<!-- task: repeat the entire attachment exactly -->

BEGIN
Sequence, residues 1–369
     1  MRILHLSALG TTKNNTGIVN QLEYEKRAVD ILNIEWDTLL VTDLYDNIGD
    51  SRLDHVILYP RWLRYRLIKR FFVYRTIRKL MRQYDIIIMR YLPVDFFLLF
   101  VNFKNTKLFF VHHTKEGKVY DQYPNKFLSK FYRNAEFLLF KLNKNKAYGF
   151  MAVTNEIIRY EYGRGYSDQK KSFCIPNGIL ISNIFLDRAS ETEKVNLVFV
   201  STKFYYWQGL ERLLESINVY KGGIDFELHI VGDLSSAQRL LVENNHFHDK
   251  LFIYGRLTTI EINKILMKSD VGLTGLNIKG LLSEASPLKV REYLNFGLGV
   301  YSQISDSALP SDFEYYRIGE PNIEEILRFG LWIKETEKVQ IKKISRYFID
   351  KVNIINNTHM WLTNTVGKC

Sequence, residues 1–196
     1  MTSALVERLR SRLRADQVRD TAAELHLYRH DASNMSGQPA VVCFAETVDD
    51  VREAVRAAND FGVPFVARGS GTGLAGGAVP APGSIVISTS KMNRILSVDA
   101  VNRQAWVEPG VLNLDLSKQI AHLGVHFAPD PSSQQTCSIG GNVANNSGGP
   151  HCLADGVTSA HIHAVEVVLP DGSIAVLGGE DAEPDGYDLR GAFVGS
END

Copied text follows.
Sequence, residues 1–369
     1  MRILHLSALG TTKNNTGIVN QLEYEKRAVD ILNIEWDTLL VTDLYDNIGD
    51  SRLDHVILYP RWLRYRLIKR FFVYRTIRKL MRQYDIIIMR YLPVDFFLLF
   101  VNFKNTKLFF VHHTKEGKVY DQYPNKFLSK FYRNAEFLLF KLNKNKAYGF
   151  MAVTNEIIRY EYGRGYSDQK KSFCIPNGIL ISNIFLDRAS ETEKVNLVFV
   201  STKFYYWQGL ERLLESINVY KGGIDFELHI VGDLSSAQRL LVENNHFHDK
   251  LFIYGRLTTI EINKILMKSD VGLTGLNIKG LLSEASPLKV REYLNFGLGV
   301  YSQISDSALP SDFEYYRIGE PNIEEILRFG LWIKETEKVQ IKKISRYFID
   351  KVNIINNTHM WLTNTVGKC

Sequence, residues 1–196
     1  MTSALVERLR SRLRADQVRD TAAELHLYRH DASNMSGQPA VVCFAETVDD
    51  VREAVRAAND FGVPFVARGS GTGLAGGAVP APGSIVISTS KMNRILSVDA
   101  VNRQAWVEPG VLNLDLSKQI AHLGVHFAPD PSSQQTCSIG GNVANNSGGP
   151  HCLADGVTSA HIHAVEVVLP DGSIAVLGGE DAEPDGYDLR GAFVGS